Finally it may interest the public to know that when I visited Sierra Leone in June 2005, for family reasons, I sought to return to the SCSL premises and retrieve the personal possessions I had left in the office of the Defence team for Mr. Brima. I was challenged by security upon my attendance, where I had sought to enter as a visitor, having obtained clearance from the Defence Office. I had to wait by the gate until an armed senior security supervisor came to meet me and then I was escorted into the area where visitors normally wait to be processed. From there I was asked to attend the Chief of Security’s office where my bona fides was questioned and enquiries were made of the Defence Office before I was allowed to enter the premises on a visitor’s pass, having left a photo identification document (My driver’s licence) at the security office. I simply recount this incident to give the public a taste of the manner in which I was treated and to assist in the formulation of a fuller picture of my experience.


I wish to condemn publicly the unfair manner in which I perceive that Mr. Harris and I have been treated in this affair and the interference of the Registry in a manner that, I would submit, far exceeds any authority it purports to have. May I also respectfully submit, subject to the opinion of the general public, that such actions may well have the benefit of denigrating the great deal of effort put in by a large number of people to try and make the SCSL a model for International Justice in general and fairness in this type of  legal proceedings particularly.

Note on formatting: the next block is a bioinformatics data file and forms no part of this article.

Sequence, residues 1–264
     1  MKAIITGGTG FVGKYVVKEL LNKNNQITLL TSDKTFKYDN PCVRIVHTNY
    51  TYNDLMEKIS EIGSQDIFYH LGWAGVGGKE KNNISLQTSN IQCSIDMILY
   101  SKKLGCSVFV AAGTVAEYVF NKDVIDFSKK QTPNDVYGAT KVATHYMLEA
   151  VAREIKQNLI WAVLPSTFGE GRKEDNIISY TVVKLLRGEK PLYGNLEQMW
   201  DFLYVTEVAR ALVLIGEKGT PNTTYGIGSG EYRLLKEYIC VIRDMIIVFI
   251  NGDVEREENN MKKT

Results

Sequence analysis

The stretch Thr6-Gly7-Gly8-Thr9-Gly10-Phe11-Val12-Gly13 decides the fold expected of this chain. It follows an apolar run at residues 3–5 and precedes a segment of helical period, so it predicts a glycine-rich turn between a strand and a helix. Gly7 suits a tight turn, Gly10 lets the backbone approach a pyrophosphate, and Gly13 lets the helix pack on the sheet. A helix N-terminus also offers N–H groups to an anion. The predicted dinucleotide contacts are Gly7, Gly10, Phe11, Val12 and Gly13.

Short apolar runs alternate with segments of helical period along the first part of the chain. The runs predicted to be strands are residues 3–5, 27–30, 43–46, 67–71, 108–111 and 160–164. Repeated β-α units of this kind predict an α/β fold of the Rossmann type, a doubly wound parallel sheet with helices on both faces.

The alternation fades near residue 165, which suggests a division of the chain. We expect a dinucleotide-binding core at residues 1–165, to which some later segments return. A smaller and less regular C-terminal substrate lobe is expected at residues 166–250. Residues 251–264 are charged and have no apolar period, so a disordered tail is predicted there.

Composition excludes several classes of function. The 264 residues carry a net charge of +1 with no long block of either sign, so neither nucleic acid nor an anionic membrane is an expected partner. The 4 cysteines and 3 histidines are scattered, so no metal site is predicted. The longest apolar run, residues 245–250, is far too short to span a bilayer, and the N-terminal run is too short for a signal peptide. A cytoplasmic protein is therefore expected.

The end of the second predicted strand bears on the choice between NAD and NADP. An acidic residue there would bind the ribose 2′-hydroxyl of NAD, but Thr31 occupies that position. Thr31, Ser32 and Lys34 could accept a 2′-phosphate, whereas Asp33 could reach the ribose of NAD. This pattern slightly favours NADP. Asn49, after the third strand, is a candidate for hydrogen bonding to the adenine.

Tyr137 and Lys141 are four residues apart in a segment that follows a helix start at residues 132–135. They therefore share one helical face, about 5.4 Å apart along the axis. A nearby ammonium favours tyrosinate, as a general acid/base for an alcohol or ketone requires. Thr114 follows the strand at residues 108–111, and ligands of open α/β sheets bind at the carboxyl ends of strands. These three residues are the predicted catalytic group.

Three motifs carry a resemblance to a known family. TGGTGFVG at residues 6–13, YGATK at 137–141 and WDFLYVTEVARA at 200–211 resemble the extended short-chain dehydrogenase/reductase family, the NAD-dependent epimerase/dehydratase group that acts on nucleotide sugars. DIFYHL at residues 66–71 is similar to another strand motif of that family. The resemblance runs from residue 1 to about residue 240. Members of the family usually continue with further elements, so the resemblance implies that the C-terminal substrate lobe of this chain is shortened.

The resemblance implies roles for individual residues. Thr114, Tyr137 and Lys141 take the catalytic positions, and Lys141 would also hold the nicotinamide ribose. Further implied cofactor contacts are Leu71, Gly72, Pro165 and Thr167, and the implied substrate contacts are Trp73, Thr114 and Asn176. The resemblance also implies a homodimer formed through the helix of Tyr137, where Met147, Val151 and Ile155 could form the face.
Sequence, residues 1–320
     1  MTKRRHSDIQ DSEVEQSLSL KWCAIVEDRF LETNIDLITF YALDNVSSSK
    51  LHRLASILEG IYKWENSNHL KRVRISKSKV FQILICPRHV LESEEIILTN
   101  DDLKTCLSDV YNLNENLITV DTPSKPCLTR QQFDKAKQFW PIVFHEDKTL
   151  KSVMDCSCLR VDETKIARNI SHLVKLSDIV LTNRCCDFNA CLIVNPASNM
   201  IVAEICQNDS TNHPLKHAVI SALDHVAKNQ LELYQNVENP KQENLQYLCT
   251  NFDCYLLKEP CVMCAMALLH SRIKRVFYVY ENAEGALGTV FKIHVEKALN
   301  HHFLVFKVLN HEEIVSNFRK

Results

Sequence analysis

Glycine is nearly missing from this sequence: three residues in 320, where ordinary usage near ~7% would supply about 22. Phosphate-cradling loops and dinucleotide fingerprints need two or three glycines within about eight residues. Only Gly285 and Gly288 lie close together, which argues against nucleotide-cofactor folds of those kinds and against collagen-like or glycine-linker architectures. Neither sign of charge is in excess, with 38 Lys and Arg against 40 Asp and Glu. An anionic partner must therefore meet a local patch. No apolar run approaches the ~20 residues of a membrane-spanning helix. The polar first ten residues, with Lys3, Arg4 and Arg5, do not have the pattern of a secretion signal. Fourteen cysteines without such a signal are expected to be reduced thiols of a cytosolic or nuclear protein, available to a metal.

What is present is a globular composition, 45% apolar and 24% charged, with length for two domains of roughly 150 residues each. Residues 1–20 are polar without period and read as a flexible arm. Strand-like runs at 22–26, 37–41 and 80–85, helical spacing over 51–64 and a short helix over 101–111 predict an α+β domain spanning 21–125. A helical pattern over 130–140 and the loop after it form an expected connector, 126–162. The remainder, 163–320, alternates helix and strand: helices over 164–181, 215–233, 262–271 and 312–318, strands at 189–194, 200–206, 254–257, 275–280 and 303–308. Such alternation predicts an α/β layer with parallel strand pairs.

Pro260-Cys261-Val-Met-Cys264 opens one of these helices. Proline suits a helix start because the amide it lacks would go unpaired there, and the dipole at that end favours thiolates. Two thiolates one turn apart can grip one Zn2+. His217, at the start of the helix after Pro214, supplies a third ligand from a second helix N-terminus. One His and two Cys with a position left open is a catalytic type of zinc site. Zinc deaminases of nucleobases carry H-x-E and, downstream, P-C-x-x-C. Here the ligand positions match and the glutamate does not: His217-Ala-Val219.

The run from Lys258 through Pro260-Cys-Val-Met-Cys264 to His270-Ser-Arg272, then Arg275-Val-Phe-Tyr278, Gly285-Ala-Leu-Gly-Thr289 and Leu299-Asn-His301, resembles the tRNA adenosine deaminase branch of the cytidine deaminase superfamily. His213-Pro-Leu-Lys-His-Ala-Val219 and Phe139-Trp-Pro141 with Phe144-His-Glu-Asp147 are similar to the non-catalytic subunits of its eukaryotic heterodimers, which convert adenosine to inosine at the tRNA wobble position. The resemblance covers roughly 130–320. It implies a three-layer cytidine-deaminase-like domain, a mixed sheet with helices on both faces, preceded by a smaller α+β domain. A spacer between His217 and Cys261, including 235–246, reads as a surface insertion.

It is my fervent view that the proceedings at the SCSL be viewed contemporaneously and by posterity as a good attempt to investigate the causes of the conflict in Sierra Leone and those who bore the greatest responsibility for the atrocities committed within the timeframe of its remit in a fair and legitimate manner, rather than as an attempt to justify its creation by producing “satisfactory” convictions.  I sincerely hope and pray for the sake of Sierra Leone and her people that those who have the possibility of making the legitimacy and fairness transparent for all are steadfast in their integrity despite any attempt by whomsoever or whatsoever it may be to compromise the same.




[1] The Prosecutor v Tamba Alex Brima et al, Case no. SCSL-2004-16-T, document no. 278

[2] The Prosecutor v Tamba Alex Brima et al, Case no. SCSL-2004-16-T, document no. 330

[3] It is perhaps worth noting that upon his return to the UK, Mr. Wilbert Harris had occasion to undergo emergency treatment.  Having sought his permission I can state that blood tests revealed toxins in his blood. He was informed that these toxins could only have entered his bloodstream by being ingested through food or drink. Mr. Harris has now recovered from the effects of this toxin.

[4] See the Dissenting opinion of Justice Sebutinde, Document no. SCSL-2004-16-T -330